I Remember – #789

I remember trying, and failing, and trying again to connect with The Witcher 3.  For whatever reason it never stuck, but I wanted it to. Why?  Because it seemed mature for a video game?  Perhaps it was – and is – but I still couldn’t properly connect.  I liked it, and admired what it both attempted to achieve and did, in fact, achieve, but it wasn’t for me.

-18 November 2016

This post is part of the I Remember series.

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I Remember – #788

I remember my wife writing up meal plans for the week on a little blackboard we hung up near the refrigerator.  We almost never bought food for a Friday (we shop on Saturdays), but each week Anna would write something for that night, usually ‘fish tacos’.

-17 November 2016

This post is part of the I Remember series.

Short Story Review – Eleanor Levine – Gravel

What to do with the girl who won’t quit?

The narrator of Eleanor Levine’s short story, Gravel, is manic, pleasing, intense, discomforting.  She is the kind of character who is fun to read but not always fun to know.  The story shows the exploded fragments of her confused feelings and thoughts – love, affection, sex, Jewish identity, dead parents, dead celebrities, Facebook, LinkedIn.  It’s chaotic, it works.

Mother never wanted me to have a girlfriend, even a Jewish one. She would certainly have tolerated a shagitz, but not a shiksah. Too many Jews killed during World War II for her daughter to mount poontang. Like the Hasidim, my mother believed that we should have babies to make up for the six million. Mom was deeply offended when I said, “You have grand dogs,” though she’d regularly extend a “Good yontiff” to my Jack Russell.

She falls in love too fast. She remembers too much.  She gets drunk and says and does things she regrets.  She stalks people online, and she writes poetry.

Levine has captured well the frantic intensity of the obsessed.  We can feel it – the energy embraces us.  And it is exhausting.  Those kinds of people are exhausting.  Effort and potency emanates from their pores, but it is always misdirected potency, wasted effort.  They try too hard in ways which don’t matter, and nobody (they think and they are right) ever appreciates them.

Gravel is disjointed, broken in time and space.  Across paragraphs the story speeds across years, jobs, loves, geography.  Again, exhausting.  We don’t need to keep up, as such, because this story is about coming to terms with the frazzled mind-space of the narrator.

There’s a lot to like here.  By the end, there’s a well built-up sense of who the narrator is.  The externalities of their self are more fuzzy – the people are unclear.  They don’t need to be well-drawn, for of course they would not be for the narrator.  No, other people act as prisms through which to refract some aspect of their own identity.  It’s confusing.  It’s exhausting.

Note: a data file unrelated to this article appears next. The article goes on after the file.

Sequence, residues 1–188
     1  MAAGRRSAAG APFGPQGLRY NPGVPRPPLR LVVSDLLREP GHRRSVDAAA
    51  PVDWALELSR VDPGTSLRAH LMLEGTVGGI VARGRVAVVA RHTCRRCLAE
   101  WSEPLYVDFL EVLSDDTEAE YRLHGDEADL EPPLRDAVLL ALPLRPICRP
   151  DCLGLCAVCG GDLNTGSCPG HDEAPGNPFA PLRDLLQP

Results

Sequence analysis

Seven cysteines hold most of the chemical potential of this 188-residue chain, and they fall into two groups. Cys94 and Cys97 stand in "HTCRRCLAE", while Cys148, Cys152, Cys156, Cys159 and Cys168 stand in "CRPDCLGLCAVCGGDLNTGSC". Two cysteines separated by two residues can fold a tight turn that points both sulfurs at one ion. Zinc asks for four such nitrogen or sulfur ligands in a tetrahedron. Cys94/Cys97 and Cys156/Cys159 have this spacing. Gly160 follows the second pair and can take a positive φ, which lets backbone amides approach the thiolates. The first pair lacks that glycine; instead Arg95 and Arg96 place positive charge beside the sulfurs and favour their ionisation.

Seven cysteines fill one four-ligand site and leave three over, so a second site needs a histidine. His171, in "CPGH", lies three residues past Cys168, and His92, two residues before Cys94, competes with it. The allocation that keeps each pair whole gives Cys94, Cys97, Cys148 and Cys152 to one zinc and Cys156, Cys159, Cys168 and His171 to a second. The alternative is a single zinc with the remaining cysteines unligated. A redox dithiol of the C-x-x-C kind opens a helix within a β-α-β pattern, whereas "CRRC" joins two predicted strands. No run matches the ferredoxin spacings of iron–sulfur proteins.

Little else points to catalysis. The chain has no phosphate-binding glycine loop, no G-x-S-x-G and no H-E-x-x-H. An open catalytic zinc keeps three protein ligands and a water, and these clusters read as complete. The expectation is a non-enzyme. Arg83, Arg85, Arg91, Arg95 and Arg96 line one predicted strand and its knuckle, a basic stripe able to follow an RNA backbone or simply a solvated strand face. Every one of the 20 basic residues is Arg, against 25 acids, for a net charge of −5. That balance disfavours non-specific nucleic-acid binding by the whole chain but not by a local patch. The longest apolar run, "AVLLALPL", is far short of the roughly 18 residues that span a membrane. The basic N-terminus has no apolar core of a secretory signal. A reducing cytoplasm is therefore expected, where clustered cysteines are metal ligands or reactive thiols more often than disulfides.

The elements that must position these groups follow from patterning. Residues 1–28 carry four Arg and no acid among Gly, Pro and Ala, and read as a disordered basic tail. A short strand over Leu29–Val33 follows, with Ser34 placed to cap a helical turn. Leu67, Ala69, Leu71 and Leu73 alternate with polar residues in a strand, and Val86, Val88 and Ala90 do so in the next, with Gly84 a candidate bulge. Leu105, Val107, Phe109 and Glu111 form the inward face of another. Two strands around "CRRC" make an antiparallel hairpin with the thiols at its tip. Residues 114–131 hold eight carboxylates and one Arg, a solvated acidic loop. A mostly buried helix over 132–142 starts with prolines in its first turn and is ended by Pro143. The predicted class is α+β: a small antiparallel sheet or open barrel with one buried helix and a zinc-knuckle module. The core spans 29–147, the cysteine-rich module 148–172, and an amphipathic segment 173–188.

Is she a homosexual?  I suppose.  Bisexual, perhaps.  Sexuality in its romantic, sensual, loving expression doesn’t come through.  Pure physicality, neither.  Instead, the narrator latches on to an individual and becomes obsessed.  If they are female, so be it. Male, so be it.  It isn’t about them as who-they-are, but how-I-am-feeling-toward-them.  Sheila Gold – our narrator – is willing to be whatever is needed for her current-obsession and then, it seems, she can discard it, too.

All in all a good story, well told. I liked it.  Robust criticism, oh, I am aware.  But, you know what?  At the end of the story I feel, well, exhausted.  Imagine being Sheila Gold.

Gravel by Eleanor Levine is a short story published by Gravel Magazine.  You can read the story online here – http://gravelmagazine.wixsite.com/gravel/eleanor-levine.  Follow Brian on Twitter.

I Remember – #786

I remember Mr Carson, who told my parents I showed promise in Maths C (lies!), who liked to stroke his long red ponytail when he was stressed, who swore under his breath at us when we were lazy, who liked to call us Mr. Funch, Mr. Kennedy, Mr. Martin.

-15 November 2016

This post is part of the I Remember series.

I Remember – #785

I remember Roger Martin, whose mother liked to play the piano (which seemed unbearably elegant to me as a young teenager), who invited me to his birthday where we ate at Pizza Hut’s all-you-can-eat buffet and played a Sonic Olympics game back at his home, and who made fun of the way I liked, at the time, to brush back my hair with my hand.

-14 November 2016

This post is part of the I Remember series.

I Remember – #784

I remember a bus ride when I was in Grade 8, on the way, I think, to an Eisteddfod – a competition?  A final? – and on the way from Maryborough to Brisbane an older boy, in Grade 10, said to me: so long, and thanks for all the fish.  And I pretended as though I knew what he was talking about.  At the time: no idea.

-13 November 2016

This post is part of the I Remember series.